Thursday, February 9, 2012
The bill which would allow gay marriage in the State of Washington received support from Republicans in both houses. Maureen Walsh (R) from Walla Walla, in the southeastern part of the state, made a particularly passionate plea for bipartisan support that can be viewed here...
The bill is expected to be signed by the governor on Monday. However, it will not become effective unless and until it receives voter support in a planned referendum and initiative intended to prevent the bill from becoming law (presuming they qualify for the upcoming November ballot).
Tuesday, February 7, 2012
Today, the 9th Circuit affirmed the District Court's finding that California's Proposition 8, overturning gay marriage in that state, is unconstitutional. We will be seeing more on this case. http://online.wsj.com/article/SB10001424052970204136404577209183209519256.html
Monday, January 30, 2012
The Washington State Legislature is poised to pass a marriage equality bill, which will likely make it the 7th state (9th US jurisdiction if one includes DC and the Suquamish Indian Tribe) to allow same-sex marriage. http://seattletimes.nwsource.com/html/politicsnorthwest/2017341256_gay_marriage_bill_voted_out_of.html As in Maryland, the Washington bill is sponsored by a Catholic Governor. http://ncronline.org/news/politics/same-sex-marriage-issue-facing-lawmakers-voters-several-states Washington Governor Christine Gregoire has explicitly addressed her discernment process over the past several years. http://www.huffingtonpost.com/2012/01/28/chris-gregoire-washington-governor-gay-marriage_n_1239058.html
Thursday, May 26, 2011
The question of accountability has again been raised in this article at Time.com regarding the arrest of a priest in the archdiocese of a prominent cardinal who has advised Pope Benedict on issues related to abuse by clergy. Given the facts presented in the article, the accused priest's arrest is likely an important move. It will be interesting to follow future reports to see whether Church officials or policies played a role.
Monday, March 28, 2011
A number of us have commented on the life and work of Bill Stuntz, and I would like to offer my own reflection. Bill was a professor at Virginia while I was there in law school. As a Catholic student I was involved both in the Catholic student organization and the Law Christian Fellowship. As a faculty advisor, it was important to Bill that LCF be ecumenical and inclusive, which is one of the reasons I felt so welcomed. I found a home there and even served as president of the organization. As a mentor, Bill challenged me to think critically about scripture, the law, and my own tradition. Perhaps more importantly, he encouraged me to be attentive to the Holy Spirit working in my life and to be completely authentic, as he strove to be. I am sad that we have lost Bill, but I am thankful for his work and his example of faithful integrity.
Friday, February 4, 2011
Commmonweal currently has interesting pieces on events in Egypt here and here. A stable Egypt has contributed to peace in the region since the Camp David Accords, but our economic and strategic support of the regime has undoubtedly been in tension with our commitments to democracy and human rights. As someone who studies the region, I believe that this is a complicated situation that belies simplistic solutions. Let us pray for leaders in the U.S. and Egypt and most importantly for peace, justice, security and the defense of human dignity in Egypt.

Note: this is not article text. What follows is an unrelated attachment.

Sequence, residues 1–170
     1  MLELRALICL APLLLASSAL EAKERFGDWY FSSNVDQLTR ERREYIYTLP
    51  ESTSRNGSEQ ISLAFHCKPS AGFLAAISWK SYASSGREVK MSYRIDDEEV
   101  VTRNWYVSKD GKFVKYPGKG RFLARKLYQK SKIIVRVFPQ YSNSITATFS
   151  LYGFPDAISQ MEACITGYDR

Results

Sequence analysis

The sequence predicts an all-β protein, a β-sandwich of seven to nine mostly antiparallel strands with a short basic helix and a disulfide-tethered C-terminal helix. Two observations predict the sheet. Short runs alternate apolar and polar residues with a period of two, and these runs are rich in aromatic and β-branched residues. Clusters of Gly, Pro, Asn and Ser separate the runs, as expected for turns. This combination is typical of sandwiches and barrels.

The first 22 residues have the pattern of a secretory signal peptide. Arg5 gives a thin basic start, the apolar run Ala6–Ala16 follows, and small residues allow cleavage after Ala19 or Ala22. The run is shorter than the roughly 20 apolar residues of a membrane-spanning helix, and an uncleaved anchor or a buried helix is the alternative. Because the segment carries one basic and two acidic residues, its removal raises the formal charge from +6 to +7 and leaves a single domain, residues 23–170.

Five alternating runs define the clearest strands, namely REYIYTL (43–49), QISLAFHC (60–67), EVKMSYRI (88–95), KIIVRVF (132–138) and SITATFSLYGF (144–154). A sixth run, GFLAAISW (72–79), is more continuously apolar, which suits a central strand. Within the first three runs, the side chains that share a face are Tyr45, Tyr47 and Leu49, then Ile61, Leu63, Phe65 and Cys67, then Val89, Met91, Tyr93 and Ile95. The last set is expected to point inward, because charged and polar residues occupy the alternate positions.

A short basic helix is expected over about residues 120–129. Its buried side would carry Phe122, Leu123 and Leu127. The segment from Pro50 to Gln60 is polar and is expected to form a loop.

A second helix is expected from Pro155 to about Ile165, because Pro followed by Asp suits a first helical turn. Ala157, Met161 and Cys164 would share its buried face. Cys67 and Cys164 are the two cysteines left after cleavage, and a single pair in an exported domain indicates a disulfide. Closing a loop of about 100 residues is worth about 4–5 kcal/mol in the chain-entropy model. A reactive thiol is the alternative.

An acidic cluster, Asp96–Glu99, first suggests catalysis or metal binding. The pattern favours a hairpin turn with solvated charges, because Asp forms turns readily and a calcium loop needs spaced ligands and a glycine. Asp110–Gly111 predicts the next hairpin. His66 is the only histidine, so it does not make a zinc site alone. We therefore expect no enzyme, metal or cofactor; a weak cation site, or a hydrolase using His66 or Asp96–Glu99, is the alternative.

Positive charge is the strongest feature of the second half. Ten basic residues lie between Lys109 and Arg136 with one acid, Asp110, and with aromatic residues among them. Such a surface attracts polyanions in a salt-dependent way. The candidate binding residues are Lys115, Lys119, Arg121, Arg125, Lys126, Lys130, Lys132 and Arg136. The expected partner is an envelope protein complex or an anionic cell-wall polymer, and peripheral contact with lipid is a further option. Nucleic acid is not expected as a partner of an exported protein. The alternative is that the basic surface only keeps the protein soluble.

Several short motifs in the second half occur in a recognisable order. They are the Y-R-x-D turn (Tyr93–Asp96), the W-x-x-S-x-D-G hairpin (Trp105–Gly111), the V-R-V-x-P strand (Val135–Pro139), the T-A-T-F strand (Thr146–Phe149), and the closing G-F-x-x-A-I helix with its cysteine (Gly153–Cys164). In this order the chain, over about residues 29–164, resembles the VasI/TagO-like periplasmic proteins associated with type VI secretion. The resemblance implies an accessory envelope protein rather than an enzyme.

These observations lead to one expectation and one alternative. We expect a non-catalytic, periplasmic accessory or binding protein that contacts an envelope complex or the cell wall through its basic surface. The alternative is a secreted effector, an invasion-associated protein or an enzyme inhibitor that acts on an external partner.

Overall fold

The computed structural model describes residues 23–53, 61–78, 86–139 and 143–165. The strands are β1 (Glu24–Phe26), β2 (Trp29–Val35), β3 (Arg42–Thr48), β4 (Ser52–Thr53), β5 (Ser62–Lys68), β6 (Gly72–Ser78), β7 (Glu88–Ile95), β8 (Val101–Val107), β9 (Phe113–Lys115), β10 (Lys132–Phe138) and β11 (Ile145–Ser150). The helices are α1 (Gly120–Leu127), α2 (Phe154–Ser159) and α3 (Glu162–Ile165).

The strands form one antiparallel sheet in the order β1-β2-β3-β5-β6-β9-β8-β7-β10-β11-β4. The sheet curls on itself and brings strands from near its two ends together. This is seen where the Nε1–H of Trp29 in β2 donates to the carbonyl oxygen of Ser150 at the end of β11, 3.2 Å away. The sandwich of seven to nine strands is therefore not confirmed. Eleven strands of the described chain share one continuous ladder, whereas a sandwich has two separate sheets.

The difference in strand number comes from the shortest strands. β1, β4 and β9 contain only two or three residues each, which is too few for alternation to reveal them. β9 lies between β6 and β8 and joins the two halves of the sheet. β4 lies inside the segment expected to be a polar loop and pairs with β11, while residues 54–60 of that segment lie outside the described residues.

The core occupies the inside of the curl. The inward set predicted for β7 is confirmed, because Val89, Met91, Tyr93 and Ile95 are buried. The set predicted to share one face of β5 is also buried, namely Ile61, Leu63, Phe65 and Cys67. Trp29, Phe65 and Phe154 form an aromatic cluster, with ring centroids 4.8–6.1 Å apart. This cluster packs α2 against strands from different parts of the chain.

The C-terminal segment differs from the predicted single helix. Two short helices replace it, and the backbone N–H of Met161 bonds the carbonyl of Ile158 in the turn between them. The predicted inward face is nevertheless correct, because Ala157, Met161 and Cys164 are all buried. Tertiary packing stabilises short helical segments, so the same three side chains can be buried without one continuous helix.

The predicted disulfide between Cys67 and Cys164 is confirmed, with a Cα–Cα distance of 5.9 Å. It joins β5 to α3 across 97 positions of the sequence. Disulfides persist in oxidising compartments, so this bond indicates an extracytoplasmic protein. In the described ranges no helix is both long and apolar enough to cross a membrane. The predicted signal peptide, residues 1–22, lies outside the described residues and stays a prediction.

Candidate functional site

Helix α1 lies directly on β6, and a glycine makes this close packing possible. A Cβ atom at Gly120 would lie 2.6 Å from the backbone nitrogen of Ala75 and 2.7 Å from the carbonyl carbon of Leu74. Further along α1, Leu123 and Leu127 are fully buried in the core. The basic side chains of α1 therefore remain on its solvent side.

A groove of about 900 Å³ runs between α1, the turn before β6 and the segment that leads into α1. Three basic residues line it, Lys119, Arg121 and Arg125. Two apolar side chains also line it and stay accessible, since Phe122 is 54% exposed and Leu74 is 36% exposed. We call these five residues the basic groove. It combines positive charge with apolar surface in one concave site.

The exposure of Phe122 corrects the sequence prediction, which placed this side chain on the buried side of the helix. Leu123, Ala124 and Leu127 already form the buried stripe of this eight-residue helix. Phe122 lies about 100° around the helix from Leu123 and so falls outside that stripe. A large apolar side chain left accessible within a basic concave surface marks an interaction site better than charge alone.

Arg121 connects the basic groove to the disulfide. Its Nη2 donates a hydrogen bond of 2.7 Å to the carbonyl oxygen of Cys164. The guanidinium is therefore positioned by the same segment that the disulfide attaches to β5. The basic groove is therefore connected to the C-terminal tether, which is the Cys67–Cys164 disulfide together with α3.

Wednesday, October 27, 2010
Clint McCance, a member of the Arkansas School Board, was reported in multiple media sources including the Huffington Post, to have posted the following to Facebook in response to recent calls for solidarity in preventing LGBT teen suicide...
"Seriously they want me to wear purple because five queers killed themselves. The only way im wearin it for them is if they all commit suicide. I cant believe the people of this world have gotten this stupid. We are honoring the fact that they sinned and killed thereselves because of their sin. REALLY PEOPLE."
His further comments are so offensive that I don't believe they are appropriate for posting here. If this is what children hear from Christian-identifying education officials, what should our response be?
Tuesday, October 5, 2010
Friday, August 20, 2010
Wednesday, May 12, 2010
I cannot speak with knowledge regarding the details of Marquette's process failure. However, if we assume that the search committee members, the provost, the president, and the trustees all met their duty of due care in the selection process, they were certainly aware of Professor O'Brien's work. Even so, they made her an offer to be the new dean. Presumably, these parties had to have found her acceptable for mission purposes in order to make the offer. Those who have problems with this substantive determination (including some MOJ contributors), noted objections after a only brief review of her CV. So, unless the decision-making parties were grossly negligent by failing to review O'Brien's work, it is most likely that some outside party (perhaps a donor or Church official) expressed disapproval and exerted pressure to rescind the contract.
My understanding is that this has had a chilling effect on Marquette's faculty, some of whom wonder when outside parties will next attempt to control the content of scholarship.
If this decision was based on Professor O'Brien's status as a lesbian, it would be a violation of Marquette's own non discrimination policy. In my opinion, it would also be unjustifiable on the basis of Catholic teaching.